The United States is a vast and diverse country. From sea to shining sea there are sweeping vistas and spectacular scenes of nature.
The grandeur of this country is not seen on the interstate highways, but on the back roads and the gravel roads that have woven the fiber of this country.
I am always awestruck by the superb landscapes that one can witness on the back roads. Some of these landscapes, such as the Grand Canyon and the Rocky Mountains, are known by everybody. But there are so many more spectacles to feast your eyes upon.
When speaking of grandeur, perhaps one of my most favorite locations is Monument Valley in the northwest corner of Arizona and the southwest corner of Utah. Located within the Navajo Indian reservation, this amazing natural wonder has been the backdrop for many movies and television commercials. And one can only stand in a location or another and must turn their head from left to right to catch the full glory of this spectacular wonder of nature.
Not too far from there and also on the Navajo Reservation is a much lesser known, but in another way very spectacular sight. Called Coal Mine Canyon, it is a hidden gem off of a two lane highway east of Tuba City, AZ.
Coal Mine Canyon is filled with a variety of HooDoos…ghost like rock formations that can form eerie shadows and spooky formations at night. The view goes on for miles into Blue Canyon. In any other state, this might be a National Park or Monument. It is just one more canyon in Arizona.
Head north into Colorado and take a ride up to Mount Evans north of Denver. Nearly 13,000 feet up, it offers up an amazing view of the mountains and lakes below.
Not to be outdone in the words of grandeur, is the scenic highway that traverses the Bear Tooth Range along the Montana and Wyoming border. I have only been there once and it was in the very early spring on the first day the road was open. There were still piles of snow on both sides of the road. But the expanse of the mountains left me in awe.
But grandeur is not just mountains or spectacular geologic formations. I can drive through the plains of North Dakota or South Dakota and experience miles and miles of grasslands.
I have driven through these great plains in North Dakota, South Dakota, Wyoming and Nebraska. To some, the drive through these vast grasslands might be considered boring. To me, the vast expanse of grasslands is stunning.
Then there is the grandeur of the oceans. I have been blessed to have been able to see the Pacific Ocean from the northern parts of Washington and Oregon all the way to the coast in Southern California. I have also seen the Atlantic Ocean from points in Maine all the way south to Florida. The amazing sunrises and sunsets over the water provide unspeakable grandeur and a glorious feeling.
Like the oceans, the Gulf of Mexico offers similar sights. Nothing like witnessing the spectacle flocks of pelicans flying in sync overhead.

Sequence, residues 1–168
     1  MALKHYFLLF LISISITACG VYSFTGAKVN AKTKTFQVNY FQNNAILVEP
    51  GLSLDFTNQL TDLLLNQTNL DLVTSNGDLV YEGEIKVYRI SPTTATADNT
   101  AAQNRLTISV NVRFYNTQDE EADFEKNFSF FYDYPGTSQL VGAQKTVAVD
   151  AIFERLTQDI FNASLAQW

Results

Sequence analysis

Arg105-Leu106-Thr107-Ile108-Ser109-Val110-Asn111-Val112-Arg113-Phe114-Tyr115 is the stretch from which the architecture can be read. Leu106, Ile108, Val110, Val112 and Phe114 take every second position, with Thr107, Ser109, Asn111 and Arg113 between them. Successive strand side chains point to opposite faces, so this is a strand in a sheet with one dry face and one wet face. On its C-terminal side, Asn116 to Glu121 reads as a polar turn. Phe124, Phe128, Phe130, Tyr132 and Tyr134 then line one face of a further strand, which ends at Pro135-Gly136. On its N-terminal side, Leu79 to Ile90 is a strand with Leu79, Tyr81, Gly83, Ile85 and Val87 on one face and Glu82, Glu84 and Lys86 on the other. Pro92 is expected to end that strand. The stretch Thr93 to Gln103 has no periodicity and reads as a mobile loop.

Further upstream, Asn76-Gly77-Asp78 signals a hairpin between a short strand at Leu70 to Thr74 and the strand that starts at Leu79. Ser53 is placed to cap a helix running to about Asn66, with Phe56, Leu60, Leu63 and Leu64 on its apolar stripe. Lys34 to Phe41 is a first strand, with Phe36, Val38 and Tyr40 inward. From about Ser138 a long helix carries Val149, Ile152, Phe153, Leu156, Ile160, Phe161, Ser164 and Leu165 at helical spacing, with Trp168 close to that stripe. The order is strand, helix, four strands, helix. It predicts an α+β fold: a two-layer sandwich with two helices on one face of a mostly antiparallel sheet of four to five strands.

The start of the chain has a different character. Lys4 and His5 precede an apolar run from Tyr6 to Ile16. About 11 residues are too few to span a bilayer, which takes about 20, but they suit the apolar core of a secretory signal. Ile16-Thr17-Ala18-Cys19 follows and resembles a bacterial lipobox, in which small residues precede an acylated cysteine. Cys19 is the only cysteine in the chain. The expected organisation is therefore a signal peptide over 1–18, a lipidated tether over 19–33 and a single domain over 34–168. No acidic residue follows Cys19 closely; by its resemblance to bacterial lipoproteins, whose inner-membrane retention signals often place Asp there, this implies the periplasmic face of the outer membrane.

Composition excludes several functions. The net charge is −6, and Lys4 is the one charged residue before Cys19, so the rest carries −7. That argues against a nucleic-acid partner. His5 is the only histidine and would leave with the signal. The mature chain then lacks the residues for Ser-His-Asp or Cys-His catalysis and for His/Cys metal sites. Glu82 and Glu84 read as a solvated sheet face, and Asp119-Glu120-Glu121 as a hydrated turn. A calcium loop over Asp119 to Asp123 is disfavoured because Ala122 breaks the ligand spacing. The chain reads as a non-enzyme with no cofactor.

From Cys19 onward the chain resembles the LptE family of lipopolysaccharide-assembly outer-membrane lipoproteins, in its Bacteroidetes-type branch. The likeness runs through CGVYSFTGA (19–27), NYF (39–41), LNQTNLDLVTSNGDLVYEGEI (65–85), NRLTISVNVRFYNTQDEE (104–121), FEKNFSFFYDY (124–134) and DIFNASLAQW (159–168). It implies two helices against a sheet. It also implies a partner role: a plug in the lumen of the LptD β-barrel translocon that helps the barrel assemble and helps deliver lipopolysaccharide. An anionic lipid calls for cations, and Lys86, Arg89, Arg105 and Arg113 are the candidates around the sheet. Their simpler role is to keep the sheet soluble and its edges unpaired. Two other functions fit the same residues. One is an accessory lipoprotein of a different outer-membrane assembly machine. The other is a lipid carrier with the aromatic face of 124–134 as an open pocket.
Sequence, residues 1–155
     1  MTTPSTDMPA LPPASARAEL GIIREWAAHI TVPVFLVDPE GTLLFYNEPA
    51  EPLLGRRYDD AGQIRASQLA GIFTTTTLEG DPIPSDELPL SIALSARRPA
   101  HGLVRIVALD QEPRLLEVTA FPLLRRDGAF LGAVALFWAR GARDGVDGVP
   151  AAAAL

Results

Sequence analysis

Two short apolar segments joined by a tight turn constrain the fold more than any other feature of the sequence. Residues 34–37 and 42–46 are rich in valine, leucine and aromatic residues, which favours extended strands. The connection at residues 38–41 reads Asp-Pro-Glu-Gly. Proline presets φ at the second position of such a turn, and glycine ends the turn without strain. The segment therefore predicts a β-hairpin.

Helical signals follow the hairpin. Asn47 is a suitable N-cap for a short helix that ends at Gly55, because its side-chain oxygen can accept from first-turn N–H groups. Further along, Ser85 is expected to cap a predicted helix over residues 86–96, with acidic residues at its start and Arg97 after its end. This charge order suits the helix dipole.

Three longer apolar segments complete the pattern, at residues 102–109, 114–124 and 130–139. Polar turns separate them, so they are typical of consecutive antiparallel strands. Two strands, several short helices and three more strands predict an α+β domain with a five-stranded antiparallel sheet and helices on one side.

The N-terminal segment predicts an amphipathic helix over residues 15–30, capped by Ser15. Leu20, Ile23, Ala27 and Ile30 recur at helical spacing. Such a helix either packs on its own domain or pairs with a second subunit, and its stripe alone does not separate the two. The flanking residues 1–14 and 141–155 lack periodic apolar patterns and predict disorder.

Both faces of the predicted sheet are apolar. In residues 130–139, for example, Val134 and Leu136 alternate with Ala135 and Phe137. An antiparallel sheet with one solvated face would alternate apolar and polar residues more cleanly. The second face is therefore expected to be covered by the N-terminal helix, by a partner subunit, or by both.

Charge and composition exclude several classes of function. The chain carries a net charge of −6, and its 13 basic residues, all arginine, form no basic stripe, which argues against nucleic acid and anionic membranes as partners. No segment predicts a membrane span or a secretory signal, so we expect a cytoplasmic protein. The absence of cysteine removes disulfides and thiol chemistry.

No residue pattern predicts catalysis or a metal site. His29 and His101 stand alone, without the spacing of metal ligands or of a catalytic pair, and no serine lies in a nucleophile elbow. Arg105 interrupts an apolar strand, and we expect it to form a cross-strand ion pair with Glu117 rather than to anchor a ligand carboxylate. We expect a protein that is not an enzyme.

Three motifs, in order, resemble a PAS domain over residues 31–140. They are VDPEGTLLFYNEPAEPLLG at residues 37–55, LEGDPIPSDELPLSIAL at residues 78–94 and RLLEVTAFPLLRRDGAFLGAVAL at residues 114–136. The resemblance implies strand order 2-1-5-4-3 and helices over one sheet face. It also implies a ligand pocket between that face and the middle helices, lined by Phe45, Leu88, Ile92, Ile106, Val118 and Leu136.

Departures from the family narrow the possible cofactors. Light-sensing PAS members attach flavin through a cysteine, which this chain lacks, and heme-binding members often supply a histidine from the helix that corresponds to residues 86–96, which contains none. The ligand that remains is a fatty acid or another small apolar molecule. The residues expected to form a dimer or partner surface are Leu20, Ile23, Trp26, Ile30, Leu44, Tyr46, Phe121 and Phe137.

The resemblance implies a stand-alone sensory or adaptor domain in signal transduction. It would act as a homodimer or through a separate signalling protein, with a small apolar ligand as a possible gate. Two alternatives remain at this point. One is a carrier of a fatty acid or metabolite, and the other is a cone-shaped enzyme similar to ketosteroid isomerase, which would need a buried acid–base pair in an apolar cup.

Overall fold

The most gratifying part of experiencing grandeur for me is that every back road and numbered highway offers a peek at splendid views. One needs only crest to the top of a hill and laid out before your eyes are wonderful scenes like that of Hells Canyon in Oregon, or in Hell’s Half Acre in the middle of Wyoming. Drive along a two Lane highway in the eastern United States in the fall and you get to the top of the hill and see nothing but spectacular fall colors as far as the eye can see.
But the grandeur is not just in nature. From a different perspective, the views of the skyline of a big city offers its own brand you were. Whether enjoying the skyline of Manhattan from across the river in Hoboken, NJ to witnessing the scene of riverine cities such as Pittsburgh or Cincinnati from the top of a hill, one gets a sense of how small they really are.
I am grateful to live in these United States and my heart is filled with joy that I have been able to travel many a back road and experience the grandeur of this country.
With each new road comes a new experience. I still have yet to personally experience the special nature of Yosemite National Park or the giant sequoia trees of Northern California. But I have seen the vast expanses filled with volcanoes in Hawaii or the old volcano cones in New Mexico and Arizona.
I have driven the long highway over Lake Ponchatrain in Louisiana and over the amazing Chesapeake Bay Bridge Tunnel. These man-made spectacles still offer a sense of grandeur.
So, get out on the road and experience this country for yourself.
On Day 4 of our visit to Washington we packed up the kids and a couple of cars and made our way south to Tacoma to visit the Point Defiance Zoo and Aquarium. Though not as huge as some of the zoos we have been to (such as San Diego, Louisville, Cincinnati), it is still a nice zoo with some great opportunities to see some good wildlife. The thing I like about most zoos is that they not only have a lot of animals, but they also have an abundance of flowers and foliage that is always pleasant. So, this trip on this day was about grandkidz, animals and flowers.
The Point Defiance Zoo and Aquarium is apparently the only combined facility in the Pacific Northwest. It is a 29 acre park and a major tourist attraction in the Tacoma area.
I was actually pleased with it as it was much smaller, quite clean and seemed like you could get a bit more “intimate” with the animals, though there was less of a variety of them.
Following are a few photos of the animals that I took. They had four or five tigers in a couple of places, an elephant and a few other critters. They had a goodly amount of birds, including penguins and puffins. I always enjoy photographing the animals.
The Budgie exhibit was lots of fun, especially since the grandkidz were there and could actually feed the colorful birds. The real name for a budgie is “Budgerigar” and these cute little guys are native to Australia and New Zealand. This parrot species is very social and it was very apparent, just being in the exhibit with them. They were not afraid of hanging around people.